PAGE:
Tyson Campbell, CB, Georgia
Playing opposite of likely 1st round CB Eric Stokes, Campbell flew under-the-radar with the Bulldogs defense. Measuring at 6’2 and 185 lbs., he’s got a solid frame that would fit well with the 49ers defense. Aside from this, I would consider him one of the most physically gifted CBs in the entire draft class. Campbell has a solid blend of both man and zone coverage skills. With the 49ers lacking depth, Campbell would be the perfect rotational man the team needs on their CB depth chart. He may not be an instant starter, however, Campbell is the perfect CB to give a handful of snaps to, while he develops behind Jason Verrett, I think Campbell has the ceiling of a CB1, but he needs some time to develop. Some of his concerns include consistency at the position, as well as some durability concerns. Campbell may have all the tools needed to be a solid starting corner, but, he needs to work on his overall awareness at the position. He’s raw. but carries tremendous upside. In 2020. Campbell only had 1 INT, but finished with 5 pass deflections and 2.5 TFLs.
Benjamin St. Juste, CB, Minnesota
Tall and long, that’s how I would define Benjamin St. Juste. Measuring at 6’3″ and 205 lbs., St. Juste is the typical CB to plug into the Seattle-3 scheme the 49ers run. In my opinion, I think the team may slowly be altering their scheme to better fit smaller corners with man-cover skills, but I don’t think that should stop the team from targeting St. Juste. While he does not feature world beating speed, Benjamin has the length to be incredibly disruptive while in man or zone coverage. He needs to work on diagnosing how routes are developing, and his ability to stick with his man, but his traits should be looked at as a plus. One of my favorite things about his game is his ability to cause problems at the catch point. He is also a willing tackler, something that NFL coaches covet in today’s game. His issues are coachable, and I feel do not hurt his draft stock in any way. Much like Campbell, he needs a season or two to develop, but carries a strong ceiling that would make him a starting CB in the NFL. In 2019, St. Juste finished with 10 pass deflections, and 45 total tackles.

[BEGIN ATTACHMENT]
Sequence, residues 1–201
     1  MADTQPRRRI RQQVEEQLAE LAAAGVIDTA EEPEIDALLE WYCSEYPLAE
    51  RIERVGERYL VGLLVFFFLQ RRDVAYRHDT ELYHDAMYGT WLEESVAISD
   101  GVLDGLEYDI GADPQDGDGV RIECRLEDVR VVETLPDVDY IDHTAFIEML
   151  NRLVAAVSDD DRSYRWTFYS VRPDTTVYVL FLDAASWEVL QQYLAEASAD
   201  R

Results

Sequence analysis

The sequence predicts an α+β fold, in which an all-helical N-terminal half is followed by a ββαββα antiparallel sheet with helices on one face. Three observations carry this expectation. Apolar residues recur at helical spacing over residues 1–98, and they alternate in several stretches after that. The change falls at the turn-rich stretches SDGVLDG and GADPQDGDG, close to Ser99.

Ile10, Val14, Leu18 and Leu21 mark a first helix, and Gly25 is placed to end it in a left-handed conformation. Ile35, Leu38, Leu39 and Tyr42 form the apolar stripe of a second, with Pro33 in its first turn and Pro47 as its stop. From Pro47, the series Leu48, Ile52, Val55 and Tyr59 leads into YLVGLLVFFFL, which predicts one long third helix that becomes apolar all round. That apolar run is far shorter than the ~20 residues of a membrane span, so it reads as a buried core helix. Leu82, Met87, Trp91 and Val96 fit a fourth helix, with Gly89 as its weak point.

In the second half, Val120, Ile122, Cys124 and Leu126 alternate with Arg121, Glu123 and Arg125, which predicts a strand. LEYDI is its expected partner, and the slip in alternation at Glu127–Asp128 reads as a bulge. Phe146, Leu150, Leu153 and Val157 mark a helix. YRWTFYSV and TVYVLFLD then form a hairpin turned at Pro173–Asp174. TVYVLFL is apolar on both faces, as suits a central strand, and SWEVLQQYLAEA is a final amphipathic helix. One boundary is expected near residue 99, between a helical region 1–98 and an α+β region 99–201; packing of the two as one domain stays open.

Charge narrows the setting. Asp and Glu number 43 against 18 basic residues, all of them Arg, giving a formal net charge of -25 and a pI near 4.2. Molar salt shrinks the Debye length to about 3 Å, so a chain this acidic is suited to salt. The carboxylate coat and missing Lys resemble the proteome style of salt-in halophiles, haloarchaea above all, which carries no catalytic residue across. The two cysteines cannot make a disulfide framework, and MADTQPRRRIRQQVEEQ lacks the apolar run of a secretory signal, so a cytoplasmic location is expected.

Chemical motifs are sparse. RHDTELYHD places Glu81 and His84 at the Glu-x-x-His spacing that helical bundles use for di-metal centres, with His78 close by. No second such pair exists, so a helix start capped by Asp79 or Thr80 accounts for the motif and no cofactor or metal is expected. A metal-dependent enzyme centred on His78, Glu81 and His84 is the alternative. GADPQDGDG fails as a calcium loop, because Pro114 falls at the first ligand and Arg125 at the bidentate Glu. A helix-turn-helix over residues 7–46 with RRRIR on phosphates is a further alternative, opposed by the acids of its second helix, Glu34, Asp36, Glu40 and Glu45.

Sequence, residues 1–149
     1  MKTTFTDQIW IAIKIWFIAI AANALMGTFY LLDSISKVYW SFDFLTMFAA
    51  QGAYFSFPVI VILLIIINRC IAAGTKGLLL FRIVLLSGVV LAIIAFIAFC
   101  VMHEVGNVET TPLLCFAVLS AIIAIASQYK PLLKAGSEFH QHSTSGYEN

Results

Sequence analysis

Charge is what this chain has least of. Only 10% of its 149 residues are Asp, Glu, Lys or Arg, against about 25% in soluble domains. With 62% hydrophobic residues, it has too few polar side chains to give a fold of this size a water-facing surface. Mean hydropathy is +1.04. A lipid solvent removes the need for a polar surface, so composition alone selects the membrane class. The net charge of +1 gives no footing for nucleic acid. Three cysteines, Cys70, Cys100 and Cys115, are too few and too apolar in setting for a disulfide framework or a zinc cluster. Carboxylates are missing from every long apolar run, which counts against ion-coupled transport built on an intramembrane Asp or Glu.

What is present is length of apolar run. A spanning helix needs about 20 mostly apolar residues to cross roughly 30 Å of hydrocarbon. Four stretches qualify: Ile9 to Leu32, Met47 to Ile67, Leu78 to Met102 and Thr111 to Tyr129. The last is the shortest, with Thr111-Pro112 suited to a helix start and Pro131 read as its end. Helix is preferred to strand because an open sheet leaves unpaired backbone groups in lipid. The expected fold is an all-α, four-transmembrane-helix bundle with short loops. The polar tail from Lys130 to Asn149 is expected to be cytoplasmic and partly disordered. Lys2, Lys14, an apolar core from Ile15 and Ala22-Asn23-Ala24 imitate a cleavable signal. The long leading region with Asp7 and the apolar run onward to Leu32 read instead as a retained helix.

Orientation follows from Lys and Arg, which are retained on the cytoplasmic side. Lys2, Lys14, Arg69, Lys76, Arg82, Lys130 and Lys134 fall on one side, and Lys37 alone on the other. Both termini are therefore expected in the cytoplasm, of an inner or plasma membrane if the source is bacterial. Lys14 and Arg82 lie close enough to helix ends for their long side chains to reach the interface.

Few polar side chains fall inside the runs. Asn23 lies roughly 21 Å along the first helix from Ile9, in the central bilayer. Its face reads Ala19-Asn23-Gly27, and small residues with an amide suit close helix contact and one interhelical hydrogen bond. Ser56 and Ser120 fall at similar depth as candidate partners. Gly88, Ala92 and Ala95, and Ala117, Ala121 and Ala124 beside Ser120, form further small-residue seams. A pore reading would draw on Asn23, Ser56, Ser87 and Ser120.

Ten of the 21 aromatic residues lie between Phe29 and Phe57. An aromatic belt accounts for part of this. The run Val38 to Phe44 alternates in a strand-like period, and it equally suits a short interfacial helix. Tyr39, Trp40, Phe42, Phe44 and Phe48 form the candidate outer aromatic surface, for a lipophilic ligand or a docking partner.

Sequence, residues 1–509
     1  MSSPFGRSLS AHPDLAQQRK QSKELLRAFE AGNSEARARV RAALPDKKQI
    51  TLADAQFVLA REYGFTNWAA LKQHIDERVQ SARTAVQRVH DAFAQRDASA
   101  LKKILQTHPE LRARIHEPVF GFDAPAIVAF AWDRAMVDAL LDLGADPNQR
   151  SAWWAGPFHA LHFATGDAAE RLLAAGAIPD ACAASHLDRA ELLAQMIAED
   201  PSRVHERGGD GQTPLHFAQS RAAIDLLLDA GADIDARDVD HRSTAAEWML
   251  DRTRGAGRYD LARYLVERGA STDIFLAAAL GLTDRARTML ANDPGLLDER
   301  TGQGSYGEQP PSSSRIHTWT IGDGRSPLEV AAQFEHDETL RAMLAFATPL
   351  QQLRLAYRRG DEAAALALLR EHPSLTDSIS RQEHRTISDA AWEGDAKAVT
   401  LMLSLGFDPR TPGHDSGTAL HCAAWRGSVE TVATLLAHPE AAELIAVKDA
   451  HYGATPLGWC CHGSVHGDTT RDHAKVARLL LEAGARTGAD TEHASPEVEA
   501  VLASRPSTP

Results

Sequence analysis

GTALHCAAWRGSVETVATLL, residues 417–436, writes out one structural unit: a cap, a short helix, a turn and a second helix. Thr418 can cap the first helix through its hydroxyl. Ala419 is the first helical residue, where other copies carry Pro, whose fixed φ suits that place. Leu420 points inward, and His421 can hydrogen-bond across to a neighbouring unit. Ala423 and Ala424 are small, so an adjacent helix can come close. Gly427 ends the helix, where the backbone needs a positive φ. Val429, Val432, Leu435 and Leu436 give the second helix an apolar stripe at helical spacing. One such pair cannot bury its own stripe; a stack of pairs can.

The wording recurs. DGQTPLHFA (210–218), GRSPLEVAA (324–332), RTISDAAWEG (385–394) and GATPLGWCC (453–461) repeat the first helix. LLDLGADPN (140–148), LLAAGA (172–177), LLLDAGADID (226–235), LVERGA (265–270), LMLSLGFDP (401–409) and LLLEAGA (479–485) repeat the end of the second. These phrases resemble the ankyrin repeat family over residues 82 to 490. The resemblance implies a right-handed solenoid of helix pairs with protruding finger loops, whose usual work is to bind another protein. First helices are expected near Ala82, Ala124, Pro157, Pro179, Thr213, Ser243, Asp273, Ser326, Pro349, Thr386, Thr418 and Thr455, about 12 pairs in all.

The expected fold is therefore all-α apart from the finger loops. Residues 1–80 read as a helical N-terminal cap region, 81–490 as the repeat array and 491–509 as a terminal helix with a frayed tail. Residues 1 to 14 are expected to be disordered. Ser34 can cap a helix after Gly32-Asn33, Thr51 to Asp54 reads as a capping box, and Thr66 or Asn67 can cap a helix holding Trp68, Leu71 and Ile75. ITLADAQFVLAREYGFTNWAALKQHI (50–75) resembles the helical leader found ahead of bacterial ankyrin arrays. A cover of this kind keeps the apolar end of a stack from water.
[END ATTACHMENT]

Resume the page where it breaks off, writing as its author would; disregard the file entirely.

Ronnie Perkins, DE, Oklahoma
Perkins is a 6’3″. 250 lb. tank of a defensive edge. Primarily a 5-technique player, Perkins can lineup with his hand in the dirt or standing. For his size, Perkins wears it very well on the field. One of my favorite things about Perkins’ play is his prowess when using his hands. He’s violent and disruptive when attacking with his hands, and has some of the best technical skills in this draft class. He features good speed and all-around strength as a DE, something the 49ers should be looking for in this class. Although the team signed Samson Ebukam to be the 3rd down pass rusher, I feel Perkins can develop into an all-around player that could be a three down lineman. The 49ers lack depth at the DE position, and Perkins would fill in beautifully behind Armstead and Bosa. One thing Perkins could work on is his ability to take on stronger tackles. Although his strength is a plus, Perkins had a tendency to get worked over against tackles that weren’t afraid to take him on. Perkins needs some technical refinement in his footwork skills, as well as his discipline when going in to tackle, but these things can be fixed with playing time. Perkins under DL coach Kris Kocurek would immediately raise his ceiling to a starting caliber player. In only 6 games, Perkins had 5.5 sacks, 10.5 TFLs. and 23 total tackles.